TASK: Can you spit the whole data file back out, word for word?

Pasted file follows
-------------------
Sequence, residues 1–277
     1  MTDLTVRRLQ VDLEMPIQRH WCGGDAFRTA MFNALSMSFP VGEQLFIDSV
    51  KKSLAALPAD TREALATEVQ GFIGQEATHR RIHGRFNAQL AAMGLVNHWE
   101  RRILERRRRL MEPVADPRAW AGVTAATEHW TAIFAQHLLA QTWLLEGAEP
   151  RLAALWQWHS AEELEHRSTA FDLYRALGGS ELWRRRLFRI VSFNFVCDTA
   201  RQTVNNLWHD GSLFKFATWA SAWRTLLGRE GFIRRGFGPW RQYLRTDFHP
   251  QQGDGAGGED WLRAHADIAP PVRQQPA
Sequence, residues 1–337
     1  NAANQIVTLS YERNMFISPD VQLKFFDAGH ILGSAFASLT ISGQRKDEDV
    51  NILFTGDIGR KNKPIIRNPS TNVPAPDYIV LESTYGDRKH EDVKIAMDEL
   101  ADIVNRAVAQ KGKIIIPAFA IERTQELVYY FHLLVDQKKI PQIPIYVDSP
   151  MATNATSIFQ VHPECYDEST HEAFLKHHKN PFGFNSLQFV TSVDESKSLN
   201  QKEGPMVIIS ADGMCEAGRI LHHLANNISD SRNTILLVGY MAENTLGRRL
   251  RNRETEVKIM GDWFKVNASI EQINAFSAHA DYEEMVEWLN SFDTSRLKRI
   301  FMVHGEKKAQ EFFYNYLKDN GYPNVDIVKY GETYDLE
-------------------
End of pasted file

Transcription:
Sequence, residues 1–277
     1  MTDLTVRRLQ VDLEMPIQRH WCGGDAFRTA MFNALSMSFP VGEQLFIDSV
    51  KKSLAALPAD TREALATEVQ GFIGQEATHR RIHGRFNAQL AAMGLVNHWE
   101  RRILERRRRL MEPVADPRAW AGVTAATEHW TAIFAQHLLA QTWLLEGAEP
   151  RLAALWQWHS AEELEHRSTA FDLYRALGGS ELWRRRLFRI VSFNFVCDTA
   201  RQTVNNLWHD GSLFKFATWA SAWRTLLGRE GFIRRGFGPW RQYLRTDFHP
   251  QQGDGAGGED WLRAHADIAP PVRQQPA
Sequence, residues 1–337
     1  NAANQIVTLS YERNMFISPD VQLKFFDAGH ILGSAFASLT ISGQRKDEDV
    51  NILFTGDIGR KNKPIIRNPS TNVPAPDYIV LESTYGDRKH EDVKIAMDEL
   101  ADIVNRAVAQ KGKIIIPAFA IERTQELVYY FHLLVDQKKI PQIPIYVDSP
   151  MATNATSIFQ VHPECYDEST HEAFLKHHKN PFGFNSLQFV TSVDESKSLN
   201  QKEGPMVIIS ADGMCEAGRI LHHLANNISD SRNTILLVGY MAENTLGRRL
   251  RNRETEVKIM GDWFKVNASI EQINAFSAHA DYEEMVEWLN SFDTSRLKRI
   301  FMVHGEKKAQ EFFYNYLKDN GYPNVDIVKY GETYDLE